Reverend G.S. Froiland
Gunnar, a little gnome who would grow up to be a Gnometown Reverend, was born amid the mountains and fjords of Norway. However, his earliest memories and fondest thoughts were of the prairie. In 1873, his family arrived by oxcart – among the first settlers in Dakota Territory, across the border from Canby, not far from Gnometown, which, like Gunnar, was still young. The first school and the church he would serve in Gnometown were not yet built.
Getting an education was a problem Gunnar had in common with other young gnomes at the time; especially those who wanted to become pastors. But by the time that Gunnar was out of country school, Augustana, a boarding high school and college, was opened about 70 miles away. He walked back and forth between sessions. Later, he attended the Lutheran Seminary in St. Paul. To earn money the ambitious young gnome worked for a number of summers during the harvest on farms in the Milan area. He would walk from South Dakota, sleeping in barns along the way. A favorite stopping place was in Providence with the Ness gnomes. Mrs. Ness is said to have remarked, “That young man is too lively to be a minister!”
After he finished at the seminary in 1893, he was called to Kviteseid in Milan and spent the next years on the outskirts of Gnomeland. In the meantime, in Gnometown, the school and Trinity Lutheran Church had been built and many new businesses established. It was a bustling community when Gunnar and his wife Alma were called to the two-point parish of Trinity and Our Saviour’s of Baxter in 1913. They bought a 40 acre farm at the west edge of Dawson on Pine Street and began a dairy with a milk delivery route. Providing some of their own income was common in those days for ministers. Salaries were often small and families were often big! This family grew to twelve children. In 1914 a hospital was built on Pine Street. The Reverend was on of the incorporators and served as board president for many years. The next year, the Carnegie Library opened, and Gunnar, who dearly loved books, served on that board as well. Like other Reverend gnomes, G.S., as he came to be called, helped to begin or contributed to many community undertakings.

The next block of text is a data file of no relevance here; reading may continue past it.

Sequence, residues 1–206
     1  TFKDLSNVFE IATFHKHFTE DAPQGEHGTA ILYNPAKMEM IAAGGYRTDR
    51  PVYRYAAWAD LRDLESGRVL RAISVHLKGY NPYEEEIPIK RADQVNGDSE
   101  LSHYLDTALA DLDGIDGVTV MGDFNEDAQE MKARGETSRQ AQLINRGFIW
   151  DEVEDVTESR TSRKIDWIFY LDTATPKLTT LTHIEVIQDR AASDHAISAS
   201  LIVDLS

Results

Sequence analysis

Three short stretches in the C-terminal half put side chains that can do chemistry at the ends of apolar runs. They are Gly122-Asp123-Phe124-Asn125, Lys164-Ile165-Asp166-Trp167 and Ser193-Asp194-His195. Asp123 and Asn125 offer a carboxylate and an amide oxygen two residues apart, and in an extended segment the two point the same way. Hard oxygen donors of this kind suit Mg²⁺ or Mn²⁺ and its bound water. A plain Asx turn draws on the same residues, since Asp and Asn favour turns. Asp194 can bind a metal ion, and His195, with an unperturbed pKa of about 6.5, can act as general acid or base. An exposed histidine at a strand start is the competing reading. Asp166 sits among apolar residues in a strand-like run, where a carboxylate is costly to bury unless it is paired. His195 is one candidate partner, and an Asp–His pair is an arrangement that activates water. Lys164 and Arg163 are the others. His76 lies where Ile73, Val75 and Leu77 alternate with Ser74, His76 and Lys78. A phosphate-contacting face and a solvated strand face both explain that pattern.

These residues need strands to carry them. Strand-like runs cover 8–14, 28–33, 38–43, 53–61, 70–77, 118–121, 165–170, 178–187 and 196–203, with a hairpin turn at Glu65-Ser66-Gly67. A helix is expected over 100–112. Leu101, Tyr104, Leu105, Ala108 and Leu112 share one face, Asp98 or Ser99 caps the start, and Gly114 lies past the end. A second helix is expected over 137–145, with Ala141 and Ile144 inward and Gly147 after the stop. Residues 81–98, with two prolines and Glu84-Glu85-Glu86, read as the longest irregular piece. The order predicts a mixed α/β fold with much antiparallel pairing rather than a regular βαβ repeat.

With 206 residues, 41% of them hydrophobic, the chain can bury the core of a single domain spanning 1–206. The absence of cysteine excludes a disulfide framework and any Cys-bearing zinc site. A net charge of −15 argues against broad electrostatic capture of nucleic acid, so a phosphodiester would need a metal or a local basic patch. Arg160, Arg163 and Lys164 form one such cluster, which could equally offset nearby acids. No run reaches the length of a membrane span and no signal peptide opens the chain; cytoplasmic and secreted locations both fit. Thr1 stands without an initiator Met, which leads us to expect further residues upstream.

Traveling between congregations was a problem. Gunnar made the trip to Baxter in the country by buggy in good weather and wagon or sleigh in bad. The coming of the automobile was one of many changed he welcomed! Like many of his fellow Gnometowners he was an immigrant and took enormous pleasure in witnessing such progress. The transition of European immigrants to citizens of Gnometown, USA, involved many challenges as well, not the least of which was learning to get along in English. The call to Dawson and Baxter required “fluency in English,” and gnome Gunnar was pleased and proud that he could say he was. Almost all pastors of the community needed to be able to minister to people in a European language and at the same time make rapid progress in the transition of church life into English. In little more that a decade, Sunday school and confirmation classes were in English, and church services in an old world language became special events.
G.S. was always interested and active in civic matters, not just in the community, but in the wider world as well. He kept up with the news and worked to support and improve government and the administration of public affairs. In 1942, he was a candidate for the State Legislature, with regulation of liquor sales one of the important issues in his campaign. He was narrowly defeated, one of only a few times he failed to achieve a goal he had strived for. In 1944, Gunnar retired from an active call, but he remained in Gnometown and continued to serve as needed for baptisms, weddings, funerals, and Sunday church services, as well as to fill other positions. As the president of the Gnometown school board, he handed diplomas to any gnomes he had baptized, confirmed, and would eventually marry, as he had their parents.
As the years passed, the Reverend Gnome, like others, became concerned that the elderly gnomes in Gnometown who needed housing or help had to move away from their homes and friends. When the Normal School in Madison closed, G.S. was instrumental in seeing it converted to a Home for Old Gnomes. He was a good fund raiser as he was not shy about asking for contributions to a worthy cause. In 1953, the Reverend Gnome preached a farewell sermon marking the 60th anniversary of his ordination. He died shortly after.
Many Gnomelanders and Gnometowners still remember him or remember stories told by him or about him. Among his family’s treasured memories are anecdotes that recall his deep love of nature. For example, almost everywhere he went Grandpa Gnome noticed the birds along the way, and upon his arrival would write down both the kinds and numbers he had seen in a little notebook he kept in his picket for that purpose. This is the kind of story that reminds us of how much he appreciated and took interest in all facets of Gnomeland, the prairie and its creatures, the people and the fruits of their labor. And never in his long life did he cease praising the Creator of it all.